[freedomtowernight_edited.jpg] 26th Parallel: Of Preachers, Pulpits and Presidential Candidates

Sunday, March 16, 2008

Of Preachers, Pulpits and Presidential Candidates

After being without internet access for 2 days, a hectic week at work and a full day away from the computer, I'm back with my usual "day late and a dollar short" analysis of the latest happenings.

First off: it's perfectly understandable why the Cuba U-23 football team was able to tie the U.S. team early this week in pre-Olympic qualifying...you're at your best when you have something to look forward to. Freedom can do that to someone. My buds at Babalu are all over this story, so go there to check out the latest news and analysis.

Now to the fun part of the post. Dealing with bigoted preachers.

A couple of weeks ago, John McCain accepted the endorsement of John Hagee, the corpulent, fire and brimstone pulpit-pounder who sees the end of the world in everything and everyone. OK, maybe I'm exaggerating a bit. Naaaah. But that's no big deal. What is a big deal are Hagee's anti-Catholic and anti-gay statements. McCain understandably faced some questioning about his ties to Hagee. McCain denounced Hagee's controversial statements while still accepting his endorsement.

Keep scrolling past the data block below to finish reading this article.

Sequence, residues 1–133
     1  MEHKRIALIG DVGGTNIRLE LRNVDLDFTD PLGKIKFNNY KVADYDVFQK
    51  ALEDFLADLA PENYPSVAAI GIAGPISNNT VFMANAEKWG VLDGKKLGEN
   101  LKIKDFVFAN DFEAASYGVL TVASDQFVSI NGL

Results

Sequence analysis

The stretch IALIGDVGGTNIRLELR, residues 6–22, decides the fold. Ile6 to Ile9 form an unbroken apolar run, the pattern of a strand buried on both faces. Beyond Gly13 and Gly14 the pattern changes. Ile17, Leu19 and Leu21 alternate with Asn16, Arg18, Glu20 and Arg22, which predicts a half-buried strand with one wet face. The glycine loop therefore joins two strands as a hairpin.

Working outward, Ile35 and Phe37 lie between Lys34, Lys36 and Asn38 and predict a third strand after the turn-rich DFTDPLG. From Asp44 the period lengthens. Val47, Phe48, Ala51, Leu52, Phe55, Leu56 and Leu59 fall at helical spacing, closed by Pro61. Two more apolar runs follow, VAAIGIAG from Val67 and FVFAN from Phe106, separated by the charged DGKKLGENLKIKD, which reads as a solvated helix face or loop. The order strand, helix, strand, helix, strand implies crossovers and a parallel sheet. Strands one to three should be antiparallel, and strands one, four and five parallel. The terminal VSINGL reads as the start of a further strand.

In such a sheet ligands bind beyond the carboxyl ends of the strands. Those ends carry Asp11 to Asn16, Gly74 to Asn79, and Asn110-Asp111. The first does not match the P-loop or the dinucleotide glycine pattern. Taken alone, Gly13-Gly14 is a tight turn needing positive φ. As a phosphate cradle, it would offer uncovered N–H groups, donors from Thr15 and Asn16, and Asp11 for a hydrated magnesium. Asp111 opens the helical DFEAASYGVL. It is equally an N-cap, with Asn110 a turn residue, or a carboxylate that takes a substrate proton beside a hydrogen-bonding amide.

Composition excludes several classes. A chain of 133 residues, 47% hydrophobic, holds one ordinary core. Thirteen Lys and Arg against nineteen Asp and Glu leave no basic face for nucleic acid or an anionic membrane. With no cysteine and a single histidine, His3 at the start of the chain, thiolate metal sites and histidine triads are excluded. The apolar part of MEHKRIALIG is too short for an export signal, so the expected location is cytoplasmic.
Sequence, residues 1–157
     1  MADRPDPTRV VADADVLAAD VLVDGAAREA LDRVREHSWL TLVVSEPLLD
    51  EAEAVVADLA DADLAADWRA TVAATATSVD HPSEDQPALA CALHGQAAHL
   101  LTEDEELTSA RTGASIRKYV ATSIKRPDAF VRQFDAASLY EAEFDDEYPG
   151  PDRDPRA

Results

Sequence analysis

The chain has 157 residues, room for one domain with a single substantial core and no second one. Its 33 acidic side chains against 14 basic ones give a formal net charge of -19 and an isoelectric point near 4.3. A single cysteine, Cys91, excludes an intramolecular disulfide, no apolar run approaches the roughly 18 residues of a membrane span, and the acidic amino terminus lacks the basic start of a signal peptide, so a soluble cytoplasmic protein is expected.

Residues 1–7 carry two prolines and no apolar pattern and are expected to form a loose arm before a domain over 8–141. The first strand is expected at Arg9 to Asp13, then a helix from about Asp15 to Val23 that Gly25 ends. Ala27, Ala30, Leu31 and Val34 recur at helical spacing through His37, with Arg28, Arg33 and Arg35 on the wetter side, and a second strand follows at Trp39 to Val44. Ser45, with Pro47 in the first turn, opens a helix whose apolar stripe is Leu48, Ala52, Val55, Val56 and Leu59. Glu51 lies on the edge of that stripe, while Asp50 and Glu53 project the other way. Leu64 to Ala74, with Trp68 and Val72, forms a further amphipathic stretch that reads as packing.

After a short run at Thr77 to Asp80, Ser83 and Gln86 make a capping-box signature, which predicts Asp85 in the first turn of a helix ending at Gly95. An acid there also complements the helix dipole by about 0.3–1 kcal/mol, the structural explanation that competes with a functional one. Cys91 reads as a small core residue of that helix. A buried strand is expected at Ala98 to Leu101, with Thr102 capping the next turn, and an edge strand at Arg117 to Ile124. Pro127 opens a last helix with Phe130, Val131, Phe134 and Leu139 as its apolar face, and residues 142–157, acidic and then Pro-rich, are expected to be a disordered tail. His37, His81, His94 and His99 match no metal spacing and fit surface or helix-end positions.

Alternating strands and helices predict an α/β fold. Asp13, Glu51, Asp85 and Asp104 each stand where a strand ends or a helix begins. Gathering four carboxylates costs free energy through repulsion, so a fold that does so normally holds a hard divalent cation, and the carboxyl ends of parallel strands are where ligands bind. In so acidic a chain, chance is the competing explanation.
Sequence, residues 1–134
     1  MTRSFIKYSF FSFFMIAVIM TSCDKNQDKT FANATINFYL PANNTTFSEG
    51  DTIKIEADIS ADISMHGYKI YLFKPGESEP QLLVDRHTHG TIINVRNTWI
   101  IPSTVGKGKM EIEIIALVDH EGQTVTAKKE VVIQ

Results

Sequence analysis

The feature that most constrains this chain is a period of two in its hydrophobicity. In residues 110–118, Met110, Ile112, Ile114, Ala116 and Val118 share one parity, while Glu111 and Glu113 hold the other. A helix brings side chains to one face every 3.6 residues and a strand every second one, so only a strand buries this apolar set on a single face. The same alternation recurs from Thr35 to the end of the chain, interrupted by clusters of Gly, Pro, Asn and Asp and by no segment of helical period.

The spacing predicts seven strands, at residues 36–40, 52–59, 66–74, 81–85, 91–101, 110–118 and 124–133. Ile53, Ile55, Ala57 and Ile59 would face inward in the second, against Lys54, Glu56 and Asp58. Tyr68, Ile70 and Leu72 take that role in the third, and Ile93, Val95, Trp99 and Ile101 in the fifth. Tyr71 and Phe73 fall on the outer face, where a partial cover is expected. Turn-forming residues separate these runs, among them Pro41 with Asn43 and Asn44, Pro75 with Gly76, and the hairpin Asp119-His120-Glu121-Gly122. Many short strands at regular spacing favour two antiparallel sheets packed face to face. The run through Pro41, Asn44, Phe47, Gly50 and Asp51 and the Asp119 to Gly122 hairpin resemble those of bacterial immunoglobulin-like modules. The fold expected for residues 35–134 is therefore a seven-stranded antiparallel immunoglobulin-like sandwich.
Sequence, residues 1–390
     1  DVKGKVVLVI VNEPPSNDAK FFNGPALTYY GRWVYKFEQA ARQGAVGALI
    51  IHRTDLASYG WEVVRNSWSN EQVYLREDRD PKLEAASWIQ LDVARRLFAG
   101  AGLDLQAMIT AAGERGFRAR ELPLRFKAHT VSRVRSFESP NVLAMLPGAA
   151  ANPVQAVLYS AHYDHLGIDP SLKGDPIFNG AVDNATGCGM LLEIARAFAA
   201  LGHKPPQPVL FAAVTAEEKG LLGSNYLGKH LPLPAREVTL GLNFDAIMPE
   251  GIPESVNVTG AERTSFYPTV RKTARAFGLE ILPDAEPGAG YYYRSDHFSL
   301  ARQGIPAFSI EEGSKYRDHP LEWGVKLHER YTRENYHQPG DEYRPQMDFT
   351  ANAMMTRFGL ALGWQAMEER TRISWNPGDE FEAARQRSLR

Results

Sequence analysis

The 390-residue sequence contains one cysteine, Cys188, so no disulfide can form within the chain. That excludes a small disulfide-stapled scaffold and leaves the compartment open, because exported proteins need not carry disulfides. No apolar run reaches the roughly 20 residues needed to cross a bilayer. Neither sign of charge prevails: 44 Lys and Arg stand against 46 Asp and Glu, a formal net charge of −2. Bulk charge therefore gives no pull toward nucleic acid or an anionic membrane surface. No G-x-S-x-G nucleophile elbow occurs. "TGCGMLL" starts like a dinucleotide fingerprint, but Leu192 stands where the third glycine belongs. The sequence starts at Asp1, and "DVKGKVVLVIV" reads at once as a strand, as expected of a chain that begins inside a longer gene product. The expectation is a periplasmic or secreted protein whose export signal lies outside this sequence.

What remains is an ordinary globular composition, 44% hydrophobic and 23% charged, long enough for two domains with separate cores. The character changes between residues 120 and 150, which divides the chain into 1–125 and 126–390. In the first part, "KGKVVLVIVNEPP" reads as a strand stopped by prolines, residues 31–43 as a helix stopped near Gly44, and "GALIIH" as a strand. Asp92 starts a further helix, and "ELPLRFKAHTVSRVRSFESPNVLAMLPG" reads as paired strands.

Fast forward to last week. Barack Obama is grilled over controversial anti-American and racism-laced remarks uttered by his church's pastor, Jeremiah Wright.

Predictably, many on the left are pointing to McCain's acceptance of Hagee's endorsement to come back at Republicans and conservatives who are criticizing Obama for his ties to Wright (they're doing something similar regarding Spitzer and his call girls). Of course, by doing so, they are acknowledging that Obama stepped on doo-doo big time. Thanks for the admittance, guys and gals. I knew it was in ya.

The real issue, at least for me, is the significance of each "relationship" and what it could mean. McCain is doing what any politician in a heated race would do: accept endorsements. Let's be realistic here. As Redstate astutely points out:
To be sure, I would rather McCain completely disassociate himself from Hagee, but his failure to do so (no doubt as a matter of political prudence) is not nearly enough for me to sit out an election that may, among other things, decide who gets to fill as many as three Supreme Court vacancies in the next four years.
Who reading this doesn't think Hagee would endorse anyone on the right who's running against either Hillary or Obama? Hagee would endorse a cut-out of Ronald Reagan at this point. He typifies the very ugly right (as if left or right really matters when referring with people like this). If you think Hagee represents rank and file Republicans and conservatives, think again. Then again, just think.